Bitcoin miners take advantage of Argentina’s cheap and subsidized electricity as mining activities surge
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Bitcoin miners take advantage of Argentina’s cheap and subsidized electricity as mining activities surge

Saudu Clement
Saudu Clement

Thanks to cheap and subsidized energy, mining Bitcoin in Argentina is proving to be a very profitable venture. With the electricity bills averaging 2% to 3% of the monthly income of the country, more BTC miners are springing up in Argentina.

In news that was first reported by Bloomberg and later republished by the Buenos Aires Times, Argentinian miners are reaping the benefits of ultra-low electricity rates and the resurgence of capital controls.

Nicolas Bourbon, an Argentina-based crypto miner, views the recent market brouhaha as an opportunity to benefit from the new policies implemented by the local government. He said:

Even after Bitcoin’s price correction, the cost of electricity for anyone mining from their house is still a fraction of the total revenue generated. Miners know the subsidies are ridiculous. They simply take advantage of it.

The news comes at a time when some countries are opting to ban or suspend Bitcoin mining on grounds of its high-energy consumption. Iran, for instance, has suspended all Bitcoin mining activities until September 22.

Mining farms target Argentina

As reported by BTC PEERS, some China-based BTC miners have put up their mining rigs for sale. Others are laying down plans to migrate to more crypto-friendly regions.

Canadian mining firm Bitfarm Ltd appears to be the first targeting Argentina. The firm has inked a power purchase deal with a private Argentinian power producer. The agreement will allow the firm to deploy 55,000 machines and mine for cryptocurrencies in Patagonia in 2022. The contract is expected to last for eight years and carries an effective cost of 0.022 per kilowatt/hour.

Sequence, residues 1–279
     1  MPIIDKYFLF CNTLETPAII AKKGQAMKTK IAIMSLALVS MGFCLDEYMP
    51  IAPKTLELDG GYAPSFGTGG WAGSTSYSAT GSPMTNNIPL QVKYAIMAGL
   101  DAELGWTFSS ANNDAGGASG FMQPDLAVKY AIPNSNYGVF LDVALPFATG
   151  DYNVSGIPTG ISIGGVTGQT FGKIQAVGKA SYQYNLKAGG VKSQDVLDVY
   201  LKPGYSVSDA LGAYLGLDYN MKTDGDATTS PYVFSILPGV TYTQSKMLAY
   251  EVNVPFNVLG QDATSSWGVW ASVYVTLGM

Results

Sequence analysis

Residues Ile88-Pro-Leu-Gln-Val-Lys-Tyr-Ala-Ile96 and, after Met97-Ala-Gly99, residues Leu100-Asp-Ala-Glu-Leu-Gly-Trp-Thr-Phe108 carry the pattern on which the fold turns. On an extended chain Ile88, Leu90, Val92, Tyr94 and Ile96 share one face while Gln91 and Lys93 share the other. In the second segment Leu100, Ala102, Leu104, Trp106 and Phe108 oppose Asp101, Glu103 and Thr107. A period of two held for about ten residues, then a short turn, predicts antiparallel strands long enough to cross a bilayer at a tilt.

Commenting on the partnership, Bitfarms’ President Geoffrey Morphy said:

We were looking for places that have overbuilt their electrical generation systems. Economic activity in Argentina is down, and power is not being fully utilized. So it was a win-win situation.

Several experts have labeled the move by the Argentinian government to subsidize electricity as a policy targeted at winning votes for the next elections. But whether the decision has some political undertones or not, miners will be reaping the benefits for the time being. Bourbon said:

The crypto that miners generate is typically sold at the parallel exchange rate, but the energy is paid for at a subsidized rate. At the moment, revenues are very high.